Oregon Capitol aides are one step closer to forming a union

By Dirk VanderHart (OPB)
April 6, 2021 11:50 p.m.

The state’s Employment Relations Board has rejected the Legislature’s arguments against the organizing effort.

Sun glints off a goldent statue of a pioneer in this tree-framed closeup of the top of the Oregon Capitol building.

Sun glints off the pioneer atop the Oregon Capitol building in Salem, Ore., Saturday, June 29, 2019.

Bradley W. Parks / OPB

Aides in the Oregon State Capitol have cleared a major hurdle in their quest to become the first employees of their kind in the U.S. to form a union.


In an order issued Tuesday, the Oregon Employment Relations Board roundly rejected a list of objections to a 180-member staff union raised by the state Legislature. Instead, the ERB sided with employees who’ve contended that they are eligible under state collective bargaining laws to organize.

Legislative aides are now planning to hold an official election by mail in coming days that will decide whether they are the first partisan Capitol staff in the country to form their own union. It was not immediately clear whether the Legislature, which is being represented by the Oregon Department of Justice in objecting to the union push, would ask the ERB to reconsider.

“Everybody’s pretty happy about the ruling,” said Tony Ruiz, an organizer with the International Brotherhood of Electrical Workers Local 89, which is seeking to represent legislative aides.

The 43-page ERB order methodically runs down a series of arguments that the Legislature has raised to a staff union, rejecting each in turn.

The Legislature has argued that Capitol staff do not qualify for representation under the Public Employee Collective Bargaining Act, or PECBA, contending instead that they are subject to separate personnel rules. It also argued that, because of the partisan political nature of the Capitol, aides don’t fall into a natural “community of interest” like other worker groups, and that many employees have confidential, supervisory, or management roles that preclude them from being union members.

The ERB disagreed with all of those major objections. It found, for instance, that the Legislature had never specifically excluded Capitol aides from the collective bargaining law, when it could easily do so. It also ruled that aides have largely similar workplace expectations and job descriptions, making them a fitting organizing unit. Even if some aides might not ultimately qualify for a union because of management, supervisory, or confidential duties, the ERB said, it was not enough to block the larger group of employees from taking a vote.


“In sum, we conclude that we have jurisdiction over this matter and that the petitioned-for unit is an appropriate unit,” the three-member ERB wrote in the order. “Accordingly, we will direct the Election Coordinator to conduct a secret, mail-ballot election…”

Under state law, a majority of the 180 employees who would be represented in the proposed unit will need to vote yes in order for the union to become official. Employees would then begin contract negotiations with the Legislature.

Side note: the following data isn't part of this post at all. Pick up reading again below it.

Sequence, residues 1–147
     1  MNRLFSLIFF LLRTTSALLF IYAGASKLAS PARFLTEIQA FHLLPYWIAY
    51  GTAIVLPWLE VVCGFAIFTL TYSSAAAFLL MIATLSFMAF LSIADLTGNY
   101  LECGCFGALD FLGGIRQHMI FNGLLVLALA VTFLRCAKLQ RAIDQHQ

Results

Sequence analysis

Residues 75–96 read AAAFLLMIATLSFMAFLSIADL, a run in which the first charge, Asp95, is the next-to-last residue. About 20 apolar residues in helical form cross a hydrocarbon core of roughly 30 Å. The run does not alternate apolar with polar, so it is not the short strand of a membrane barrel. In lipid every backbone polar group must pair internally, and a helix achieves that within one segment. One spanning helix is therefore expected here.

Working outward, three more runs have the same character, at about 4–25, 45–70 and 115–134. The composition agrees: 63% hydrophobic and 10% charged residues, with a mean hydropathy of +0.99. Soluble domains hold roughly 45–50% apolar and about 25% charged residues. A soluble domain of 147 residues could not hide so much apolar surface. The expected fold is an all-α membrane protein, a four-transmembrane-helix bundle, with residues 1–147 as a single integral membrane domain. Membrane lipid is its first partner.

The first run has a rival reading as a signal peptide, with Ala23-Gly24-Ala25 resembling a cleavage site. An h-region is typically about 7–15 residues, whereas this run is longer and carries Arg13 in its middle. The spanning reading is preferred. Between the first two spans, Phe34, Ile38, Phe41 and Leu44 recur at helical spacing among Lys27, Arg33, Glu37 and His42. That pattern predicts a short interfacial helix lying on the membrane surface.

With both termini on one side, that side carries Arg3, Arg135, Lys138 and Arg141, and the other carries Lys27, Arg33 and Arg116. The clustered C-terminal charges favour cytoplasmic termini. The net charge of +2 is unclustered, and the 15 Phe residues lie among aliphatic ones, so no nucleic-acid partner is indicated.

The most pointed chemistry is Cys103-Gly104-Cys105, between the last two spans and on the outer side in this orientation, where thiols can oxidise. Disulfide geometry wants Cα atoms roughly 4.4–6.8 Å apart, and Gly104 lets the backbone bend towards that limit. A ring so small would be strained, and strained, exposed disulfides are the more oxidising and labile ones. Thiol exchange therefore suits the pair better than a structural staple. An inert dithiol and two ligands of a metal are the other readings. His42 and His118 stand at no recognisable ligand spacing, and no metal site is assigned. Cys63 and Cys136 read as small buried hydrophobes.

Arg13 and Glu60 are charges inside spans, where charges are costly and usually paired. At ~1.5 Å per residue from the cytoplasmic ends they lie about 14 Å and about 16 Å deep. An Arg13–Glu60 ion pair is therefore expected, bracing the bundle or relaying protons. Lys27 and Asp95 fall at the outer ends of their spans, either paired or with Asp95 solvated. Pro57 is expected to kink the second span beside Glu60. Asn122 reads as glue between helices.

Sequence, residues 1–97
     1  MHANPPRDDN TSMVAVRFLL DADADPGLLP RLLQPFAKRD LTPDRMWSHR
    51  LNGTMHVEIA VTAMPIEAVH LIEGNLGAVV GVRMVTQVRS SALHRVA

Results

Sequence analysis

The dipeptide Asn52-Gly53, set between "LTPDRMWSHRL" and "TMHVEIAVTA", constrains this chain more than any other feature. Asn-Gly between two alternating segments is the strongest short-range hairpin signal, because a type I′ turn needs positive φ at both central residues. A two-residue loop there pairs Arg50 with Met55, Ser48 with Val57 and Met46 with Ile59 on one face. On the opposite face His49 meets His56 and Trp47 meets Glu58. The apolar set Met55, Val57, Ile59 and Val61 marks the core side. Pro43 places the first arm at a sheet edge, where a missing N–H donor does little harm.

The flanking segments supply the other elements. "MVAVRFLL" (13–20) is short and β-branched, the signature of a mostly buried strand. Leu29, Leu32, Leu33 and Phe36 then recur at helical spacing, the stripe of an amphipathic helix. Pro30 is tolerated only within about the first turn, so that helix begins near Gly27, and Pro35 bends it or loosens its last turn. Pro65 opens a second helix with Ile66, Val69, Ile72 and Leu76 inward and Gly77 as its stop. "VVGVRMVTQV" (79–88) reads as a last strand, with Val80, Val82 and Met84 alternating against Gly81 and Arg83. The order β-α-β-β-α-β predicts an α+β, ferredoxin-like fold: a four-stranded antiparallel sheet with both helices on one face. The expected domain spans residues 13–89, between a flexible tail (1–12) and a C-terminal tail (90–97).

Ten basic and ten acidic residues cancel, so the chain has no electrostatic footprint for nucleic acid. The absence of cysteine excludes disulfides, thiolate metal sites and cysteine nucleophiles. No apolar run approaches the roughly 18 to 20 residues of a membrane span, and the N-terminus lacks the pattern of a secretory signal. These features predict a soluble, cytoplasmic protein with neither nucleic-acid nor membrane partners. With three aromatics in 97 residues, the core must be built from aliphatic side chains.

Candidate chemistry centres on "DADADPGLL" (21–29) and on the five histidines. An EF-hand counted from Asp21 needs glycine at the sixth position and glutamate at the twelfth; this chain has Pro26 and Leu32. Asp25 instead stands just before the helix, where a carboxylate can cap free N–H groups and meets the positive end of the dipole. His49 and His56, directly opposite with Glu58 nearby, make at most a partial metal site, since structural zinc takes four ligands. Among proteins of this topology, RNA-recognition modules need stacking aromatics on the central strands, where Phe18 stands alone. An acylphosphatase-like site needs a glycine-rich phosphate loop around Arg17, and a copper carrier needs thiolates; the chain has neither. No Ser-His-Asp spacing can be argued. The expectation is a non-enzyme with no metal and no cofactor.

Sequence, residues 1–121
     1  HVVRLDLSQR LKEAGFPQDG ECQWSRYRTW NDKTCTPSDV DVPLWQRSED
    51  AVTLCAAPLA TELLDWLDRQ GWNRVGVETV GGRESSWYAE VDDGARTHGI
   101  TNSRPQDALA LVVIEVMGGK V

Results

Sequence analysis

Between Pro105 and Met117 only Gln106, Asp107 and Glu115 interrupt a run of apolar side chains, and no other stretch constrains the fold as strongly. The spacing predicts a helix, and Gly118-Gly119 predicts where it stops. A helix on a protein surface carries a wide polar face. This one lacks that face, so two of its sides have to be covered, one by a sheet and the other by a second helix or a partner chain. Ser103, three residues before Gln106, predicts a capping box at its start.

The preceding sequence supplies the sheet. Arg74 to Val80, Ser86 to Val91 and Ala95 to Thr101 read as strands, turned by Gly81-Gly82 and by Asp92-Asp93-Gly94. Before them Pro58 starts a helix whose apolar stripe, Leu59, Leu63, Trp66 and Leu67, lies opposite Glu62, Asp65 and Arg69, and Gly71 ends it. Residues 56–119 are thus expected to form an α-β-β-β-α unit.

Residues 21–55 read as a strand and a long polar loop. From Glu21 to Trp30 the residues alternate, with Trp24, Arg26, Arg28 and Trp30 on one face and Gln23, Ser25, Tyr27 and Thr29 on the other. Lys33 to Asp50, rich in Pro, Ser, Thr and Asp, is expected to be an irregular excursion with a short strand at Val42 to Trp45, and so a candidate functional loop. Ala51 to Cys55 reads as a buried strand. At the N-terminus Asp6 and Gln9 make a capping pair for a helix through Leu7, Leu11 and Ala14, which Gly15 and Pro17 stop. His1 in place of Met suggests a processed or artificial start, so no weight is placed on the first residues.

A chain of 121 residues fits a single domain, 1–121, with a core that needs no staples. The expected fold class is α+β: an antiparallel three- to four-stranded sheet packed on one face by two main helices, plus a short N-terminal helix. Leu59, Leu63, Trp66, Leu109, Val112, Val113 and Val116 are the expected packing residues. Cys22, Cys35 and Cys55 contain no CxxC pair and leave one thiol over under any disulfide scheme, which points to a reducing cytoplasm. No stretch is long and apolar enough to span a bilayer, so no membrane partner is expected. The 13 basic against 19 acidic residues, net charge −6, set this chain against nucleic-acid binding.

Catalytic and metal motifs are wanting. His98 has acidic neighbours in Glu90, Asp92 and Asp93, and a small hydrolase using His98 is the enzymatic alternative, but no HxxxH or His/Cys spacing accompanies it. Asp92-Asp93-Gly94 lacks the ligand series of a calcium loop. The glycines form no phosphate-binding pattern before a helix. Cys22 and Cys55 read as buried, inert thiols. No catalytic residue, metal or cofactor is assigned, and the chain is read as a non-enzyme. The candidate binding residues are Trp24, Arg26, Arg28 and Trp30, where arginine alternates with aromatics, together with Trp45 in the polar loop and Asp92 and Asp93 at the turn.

The subject of a staff union has been discussed in the statehouse for years, according to longtime aides. The effort took on new energy in 2020, following changes to Capitol policies around pay and harassment policies, among other reasons. Employees first filed a petition to unionize in December, but wound up refiling to reflect updated job classifications that took effect in January.

Unions are a frequent flashpoint in Salem, where many Democrats have come to count on union support during election season, and Republicans view organized labor as a political foe.

That polarity was in clear view on Monday, when the Senate took up a bill that would clarify who will be responsible for bargaining with Capitol staff if they succeed in forming a union. Under Senate Bill 759, Legislative Administrator Brett Hanes or his successor would take the lead in bargaining any contract with employees.

But even that relatively small tweak proved contentious.

“To me there’s a huge difference between employees of an executive branch organizing versus employees of the legislative branch,” said state Sen. Kim Thatcher, R-Keizer. “Elected officials would … have employees who belong to a union that would be funding and opposing the elected officials. It’s a lot different.”

Backers of the union effort argue that’s not the case. IBEW Local 89 does not take an active role in state campaigns, or give directly to lawmakers. The union, however, is part of the Oregon AFL-CIO, a federation of unions that frequently supports Democratic candidates.

“They’re aware of the potential perception of that conflict of interest and they wanted to be sure to avoid it,” said state Sen. Michael Dembrow, D-Portland, a chief sponsor of the bill.

SB 759 wound up passing the Senate by a bare majority, with two Democrats, Sens. Lee Beyer and Betsy Johnson, voting against the bill, and one Independent, Sen. Brian Boquist, voting for it.


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